Please Note: This article is written for users of the following Microsoft Word versions: 2007, 2010, 2013, 2016, 2019, and Word in Office 365. If you are using an earlier version (Word 2003 or earlier), this tip may not work for you. For a version of this tip written specifically for earlier versions of Word, click here: Changing Many Link Locations.

Changing Many Link Locations

by Allen Wyatt
(last updated February 20, 2021)

In a corporate environment, documents are often kept on a network server. That server may not even be close to where you are—it may be across the country or around the world. If you are creating documents that include many graphics, it is common practice to only link to those graphics, and to store the graphics on a network server where they are accessible by everyone using the document. (I am talking actual links here, not hyperlinks. It is easy to confuse the two, but important in the context of this tip to understand that I'm not talking about hyperlinks.)

What happens when the server changes, however? What if the company updates or moves a server, and in the process changes the address at which your graphics are accessed? When linking to graphics over a network, Word keeps track of the graphic's location using a UNC (Universal Naming Convention). If the UNC address of your graphics changes, you need to change the UNC used in the link. It is possible to do this one link at a time, but if you have many, many graphics in a document, this can be a major pain.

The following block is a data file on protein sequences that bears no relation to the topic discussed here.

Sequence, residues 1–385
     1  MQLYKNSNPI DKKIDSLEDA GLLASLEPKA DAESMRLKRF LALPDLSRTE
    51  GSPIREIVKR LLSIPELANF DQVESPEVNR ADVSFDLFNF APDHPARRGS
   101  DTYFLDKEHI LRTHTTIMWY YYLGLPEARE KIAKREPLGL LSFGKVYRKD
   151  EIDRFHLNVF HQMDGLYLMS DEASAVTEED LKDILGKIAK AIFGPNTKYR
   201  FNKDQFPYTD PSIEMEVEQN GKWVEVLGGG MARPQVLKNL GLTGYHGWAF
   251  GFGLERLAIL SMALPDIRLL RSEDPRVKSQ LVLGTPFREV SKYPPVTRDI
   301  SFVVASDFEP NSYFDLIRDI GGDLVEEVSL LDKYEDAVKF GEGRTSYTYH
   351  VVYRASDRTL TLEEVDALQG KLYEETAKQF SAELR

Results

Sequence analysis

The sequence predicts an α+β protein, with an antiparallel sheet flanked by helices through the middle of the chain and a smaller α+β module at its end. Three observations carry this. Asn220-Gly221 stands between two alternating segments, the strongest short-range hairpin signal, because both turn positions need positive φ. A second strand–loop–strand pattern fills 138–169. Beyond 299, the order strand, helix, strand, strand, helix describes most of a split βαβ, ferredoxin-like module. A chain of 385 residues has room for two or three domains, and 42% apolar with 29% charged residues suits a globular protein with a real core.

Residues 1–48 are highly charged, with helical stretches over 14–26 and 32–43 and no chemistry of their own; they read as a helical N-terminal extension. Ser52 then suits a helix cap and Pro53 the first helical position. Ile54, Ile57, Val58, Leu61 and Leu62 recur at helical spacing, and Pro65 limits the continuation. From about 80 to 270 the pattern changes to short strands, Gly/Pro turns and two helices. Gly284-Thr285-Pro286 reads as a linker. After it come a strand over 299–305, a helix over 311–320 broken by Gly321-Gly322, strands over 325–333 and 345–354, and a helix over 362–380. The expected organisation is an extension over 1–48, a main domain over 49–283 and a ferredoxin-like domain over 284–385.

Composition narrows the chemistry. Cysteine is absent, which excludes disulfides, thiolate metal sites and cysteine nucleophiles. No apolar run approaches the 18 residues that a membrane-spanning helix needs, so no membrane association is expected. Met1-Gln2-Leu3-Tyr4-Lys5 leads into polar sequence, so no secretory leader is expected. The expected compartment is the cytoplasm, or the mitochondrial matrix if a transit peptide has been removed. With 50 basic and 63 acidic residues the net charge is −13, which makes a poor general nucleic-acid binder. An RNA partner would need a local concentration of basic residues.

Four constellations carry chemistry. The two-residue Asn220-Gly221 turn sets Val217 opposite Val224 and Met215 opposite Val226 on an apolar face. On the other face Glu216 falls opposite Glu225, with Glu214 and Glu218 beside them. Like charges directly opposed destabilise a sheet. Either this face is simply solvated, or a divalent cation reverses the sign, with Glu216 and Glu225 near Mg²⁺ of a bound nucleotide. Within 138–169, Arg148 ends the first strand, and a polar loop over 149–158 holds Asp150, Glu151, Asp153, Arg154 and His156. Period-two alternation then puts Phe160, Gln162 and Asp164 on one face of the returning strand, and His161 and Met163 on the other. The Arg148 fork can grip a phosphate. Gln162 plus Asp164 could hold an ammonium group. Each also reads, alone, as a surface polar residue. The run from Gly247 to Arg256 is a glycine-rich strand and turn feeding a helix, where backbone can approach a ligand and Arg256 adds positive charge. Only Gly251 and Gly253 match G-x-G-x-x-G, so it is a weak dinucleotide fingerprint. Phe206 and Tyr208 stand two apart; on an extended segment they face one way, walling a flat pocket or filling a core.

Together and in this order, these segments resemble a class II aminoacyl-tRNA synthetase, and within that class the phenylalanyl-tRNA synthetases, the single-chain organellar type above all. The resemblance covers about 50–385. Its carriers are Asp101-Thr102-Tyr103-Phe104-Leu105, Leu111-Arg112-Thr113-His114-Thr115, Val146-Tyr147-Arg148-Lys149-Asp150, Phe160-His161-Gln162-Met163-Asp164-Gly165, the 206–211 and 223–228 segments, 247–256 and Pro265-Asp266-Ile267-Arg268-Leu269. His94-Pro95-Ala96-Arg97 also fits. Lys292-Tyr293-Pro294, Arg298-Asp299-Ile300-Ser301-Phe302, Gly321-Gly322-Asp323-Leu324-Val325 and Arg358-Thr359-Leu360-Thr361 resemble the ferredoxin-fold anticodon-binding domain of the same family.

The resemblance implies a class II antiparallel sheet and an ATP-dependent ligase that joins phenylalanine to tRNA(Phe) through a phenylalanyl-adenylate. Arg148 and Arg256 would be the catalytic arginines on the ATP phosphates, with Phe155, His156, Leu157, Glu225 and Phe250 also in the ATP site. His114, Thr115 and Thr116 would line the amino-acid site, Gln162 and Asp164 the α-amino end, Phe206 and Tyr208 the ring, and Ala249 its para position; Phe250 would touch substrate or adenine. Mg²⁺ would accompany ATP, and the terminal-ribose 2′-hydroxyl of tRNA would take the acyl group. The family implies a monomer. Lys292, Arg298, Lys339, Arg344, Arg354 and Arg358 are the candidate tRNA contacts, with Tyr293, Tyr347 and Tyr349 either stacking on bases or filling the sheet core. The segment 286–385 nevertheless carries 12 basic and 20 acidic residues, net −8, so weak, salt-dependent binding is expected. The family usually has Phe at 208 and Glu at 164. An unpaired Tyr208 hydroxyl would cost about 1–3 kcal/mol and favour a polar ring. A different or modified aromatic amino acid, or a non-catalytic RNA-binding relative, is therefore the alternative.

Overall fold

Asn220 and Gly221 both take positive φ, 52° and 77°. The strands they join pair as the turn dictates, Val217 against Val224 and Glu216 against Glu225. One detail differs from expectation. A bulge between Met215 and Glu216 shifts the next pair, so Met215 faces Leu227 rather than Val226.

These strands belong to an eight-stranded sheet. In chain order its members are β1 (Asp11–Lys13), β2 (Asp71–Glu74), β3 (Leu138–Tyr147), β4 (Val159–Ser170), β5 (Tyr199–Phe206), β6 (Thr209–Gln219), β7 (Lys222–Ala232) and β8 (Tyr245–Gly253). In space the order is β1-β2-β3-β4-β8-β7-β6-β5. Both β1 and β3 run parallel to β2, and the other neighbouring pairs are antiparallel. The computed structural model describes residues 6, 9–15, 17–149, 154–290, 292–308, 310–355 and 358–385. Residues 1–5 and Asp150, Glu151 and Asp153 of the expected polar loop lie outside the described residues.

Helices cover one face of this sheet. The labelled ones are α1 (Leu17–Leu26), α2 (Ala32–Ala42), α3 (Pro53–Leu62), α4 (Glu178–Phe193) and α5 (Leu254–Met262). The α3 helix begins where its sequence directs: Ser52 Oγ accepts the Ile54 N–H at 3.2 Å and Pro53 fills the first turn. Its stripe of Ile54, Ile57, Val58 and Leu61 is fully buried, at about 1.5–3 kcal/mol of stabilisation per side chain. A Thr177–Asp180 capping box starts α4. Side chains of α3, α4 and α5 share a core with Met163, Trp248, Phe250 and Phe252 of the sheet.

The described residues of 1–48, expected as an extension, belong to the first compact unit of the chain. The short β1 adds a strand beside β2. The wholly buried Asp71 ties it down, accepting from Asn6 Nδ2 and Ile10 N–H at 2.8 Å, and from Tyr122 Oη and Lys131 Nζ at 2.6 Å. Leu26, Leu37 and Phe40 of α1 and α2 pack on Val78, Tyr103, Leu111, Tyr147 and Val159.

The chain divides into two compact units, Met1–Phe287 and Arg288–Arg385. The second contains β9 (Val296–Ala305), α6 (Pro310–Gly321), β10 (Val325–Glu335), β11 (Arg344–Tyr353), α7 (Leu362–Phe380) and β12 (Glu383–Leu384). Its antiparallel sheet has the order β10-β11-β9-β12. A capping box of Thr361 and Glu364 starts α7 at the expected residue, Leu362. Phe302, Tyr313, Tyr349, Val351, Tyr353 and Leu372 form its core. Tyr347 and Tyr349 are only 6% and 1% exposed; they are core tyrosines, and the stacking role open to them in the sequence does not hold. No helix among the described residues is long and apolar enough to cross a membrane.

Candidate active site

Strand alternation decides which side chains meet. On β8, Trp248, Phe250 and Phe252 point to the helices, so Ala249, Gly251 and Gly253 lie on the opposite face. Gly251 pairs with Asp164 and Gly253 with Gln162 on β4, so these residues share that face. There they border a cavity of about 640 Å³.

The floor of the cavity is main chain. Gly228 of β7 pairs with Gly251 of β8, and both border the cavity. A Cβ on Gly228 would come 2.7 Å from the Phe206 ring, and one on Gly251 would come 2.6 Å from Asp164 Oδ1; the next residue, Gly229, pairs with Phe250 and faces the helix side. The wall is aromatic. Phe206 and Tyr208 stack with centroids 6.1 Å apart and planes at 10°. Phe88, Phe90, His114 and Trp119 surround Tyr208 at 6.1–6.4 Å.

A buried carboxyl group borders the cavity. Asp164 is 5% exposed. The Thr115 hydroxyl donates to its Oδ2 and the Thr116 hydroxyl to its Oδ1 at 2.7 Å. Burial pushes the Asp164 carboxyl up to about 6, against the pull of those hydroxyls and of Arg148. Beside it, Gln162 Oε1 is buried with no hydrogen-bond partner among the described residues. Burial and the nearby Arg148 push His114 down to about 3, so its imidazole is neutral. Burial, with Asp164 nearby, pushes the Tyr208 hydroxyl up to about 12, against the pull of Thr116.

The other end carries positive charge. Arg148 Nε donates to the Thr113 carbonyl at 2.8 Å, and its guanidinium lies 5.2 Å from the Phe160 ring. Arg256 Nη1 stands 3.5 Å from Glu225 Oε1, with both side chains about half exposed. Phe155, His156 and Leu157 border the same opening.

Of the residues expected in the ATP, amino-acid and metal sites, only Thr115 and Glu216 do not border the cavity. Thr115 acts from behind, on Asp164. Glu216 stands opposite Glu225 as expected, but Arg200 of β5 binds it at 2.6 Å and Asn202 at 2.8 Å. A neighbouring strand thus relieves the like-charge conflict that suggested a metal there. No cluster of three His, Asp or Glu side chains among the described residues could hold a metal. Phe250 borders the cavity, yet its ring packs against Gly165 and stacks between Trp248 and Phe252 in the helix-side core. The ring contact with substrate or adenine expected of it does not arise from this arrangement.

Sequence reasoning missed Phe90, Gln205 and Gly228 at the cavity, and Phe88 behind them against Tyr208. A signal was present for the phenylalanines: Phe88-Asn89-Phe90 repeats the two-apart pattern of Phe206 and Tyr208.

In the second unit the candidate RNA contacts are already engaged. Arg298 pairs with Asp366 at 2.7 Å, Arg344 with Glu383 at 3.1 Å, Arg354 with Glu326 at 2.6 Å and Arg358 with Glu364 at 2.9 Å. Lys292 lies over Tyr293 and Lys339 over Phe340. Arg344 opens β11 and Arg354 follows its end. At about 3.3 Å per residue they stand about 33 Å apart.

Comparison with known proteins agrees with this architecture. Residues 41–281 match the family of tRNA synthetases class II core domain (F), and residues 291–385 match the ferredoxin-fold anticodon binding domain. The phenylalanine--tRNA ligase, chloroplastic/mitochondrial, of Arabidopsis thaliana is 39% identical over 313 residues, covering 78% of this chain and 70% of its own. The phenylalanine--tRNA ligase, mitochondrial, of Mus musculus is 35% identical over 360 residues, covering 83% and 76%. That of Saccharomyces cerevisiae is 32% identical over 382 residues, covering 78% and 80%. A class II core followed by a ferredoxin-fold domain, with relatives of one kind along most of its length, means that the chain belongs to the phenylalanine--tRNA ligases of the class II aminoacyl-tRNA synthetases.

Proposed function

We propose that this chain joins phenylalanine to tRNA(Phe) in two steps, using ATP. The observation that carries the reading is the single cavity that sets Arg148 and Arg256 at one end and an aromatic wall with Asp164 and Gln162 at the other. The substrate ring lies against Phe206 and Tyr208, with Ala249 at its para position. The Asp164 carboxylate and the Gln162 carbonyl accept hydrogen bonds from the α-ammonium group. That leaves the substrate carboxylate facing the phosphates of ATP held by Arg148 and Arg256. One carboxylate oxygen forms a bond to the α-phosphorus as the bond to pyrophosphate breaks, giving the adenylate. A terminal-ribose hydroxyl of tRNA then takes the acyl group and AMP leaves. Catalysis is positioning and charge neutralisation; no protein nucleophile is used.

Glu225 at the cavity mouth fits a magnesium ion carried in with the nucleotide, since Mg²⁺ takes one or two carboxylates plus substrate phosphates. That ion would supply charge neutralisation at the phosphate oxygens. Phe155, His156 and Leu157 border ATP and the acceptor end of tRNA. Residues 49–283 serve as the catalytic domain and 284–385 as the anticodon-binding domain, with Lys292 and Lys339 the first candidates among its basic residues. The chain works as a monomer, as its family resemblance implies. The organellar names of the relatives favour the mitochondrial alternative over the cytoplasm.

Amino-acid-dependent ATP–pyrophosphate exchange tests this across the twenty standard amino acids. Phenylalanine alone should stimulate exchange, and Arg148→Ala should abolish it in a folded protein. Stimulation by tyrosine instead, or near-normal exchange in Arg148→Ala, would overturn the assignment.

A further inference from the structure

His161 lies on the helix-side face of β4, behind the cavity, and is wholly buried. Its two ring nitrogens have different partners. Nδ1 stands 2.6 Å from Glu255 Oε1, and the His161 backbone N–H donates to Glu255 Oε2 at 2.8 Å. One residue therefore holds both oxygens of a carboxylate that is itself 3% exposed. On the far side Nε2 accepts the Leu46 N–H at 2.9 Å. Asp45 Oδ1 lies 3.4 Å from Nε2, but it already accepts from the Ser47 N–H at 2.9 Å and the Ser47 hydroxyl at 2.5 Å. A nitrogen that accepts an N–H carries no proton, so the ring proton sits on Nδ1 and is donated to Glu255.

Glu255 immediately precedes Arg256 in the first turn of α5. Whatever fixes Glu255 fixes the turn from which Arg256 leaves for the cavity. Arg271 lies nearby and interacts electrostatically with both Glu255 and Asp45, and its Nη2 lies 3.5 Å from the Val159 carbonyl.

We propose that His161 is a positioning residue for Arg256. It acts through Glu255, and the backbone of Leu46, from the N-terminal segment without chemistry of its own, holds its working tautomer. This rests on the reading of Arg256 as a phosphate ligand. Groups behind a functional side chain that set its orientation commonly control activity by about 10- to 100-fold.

There is a quicker way to update the UNC address of a server, however. Let's say that you work for a company, and they change servers, thereby changing the UNC address at which your graphics are accessed. In examining the old and new addresses, you notice that the only thing that changed was the name of one server, from bcdapp to qcyapp. To change all the links in your document to reflect the new server name, follow these steps:

  1. Open the document in which you want to change the links.
  2. Change to Draft view. (If you are in Print Layout view, Word tries to repaginate quite often as you try to do the changes, and that makes this whole process much longer.)
  3. Press Alt+F9 so that field codes are showing. (Links are nothing but field codes, so the full field codes for each of your links should be visible.)
  4. Press Ctrl+H. Word displays the Replace tab of the Find and Replace dialog box. (See Figure 1.)
  5. Figure 1. The Replace tab of the Find and Replace dialog box.

  6. In the Find box, enter the portion of the link you want to change. In the example described above, you would enter bcdapp.
  7. In the Replace box, enter the new portion of the link. In the example described above, you would enter qcyapp.
  8. Click Replace All. Word replaces all the text within the exposed links.
  9. Close the Find and Replace dialog box.
  10. Press Alt+F9 so that field results are showing. (Your results still won't show properly until you do the next two steps.)
  11. Select the entire document by pressing Ctrl+A.
  12. Press F9. Word updates all the fields in the document, including those links you just changed.

WordTips is your source for cost-effective Microsoft Word training. (Microsoft Word is the most popular word processing software in the world.) This tip (10022) applies to Microsoft Word 2007, 2010, 2013, 2016, 2019, and Word in Office 365. You can find a version of this tip for the older menu interface of Word here: Changing Many Link Locations.

Author Bio

Allen Wyatt

With more than 50 non-fiction books and numerous magazine articles to his credit, Allen Wyatt is an internationally recognized author. He is president of Sharon Parq Associates, a computer and publishing services company. ...

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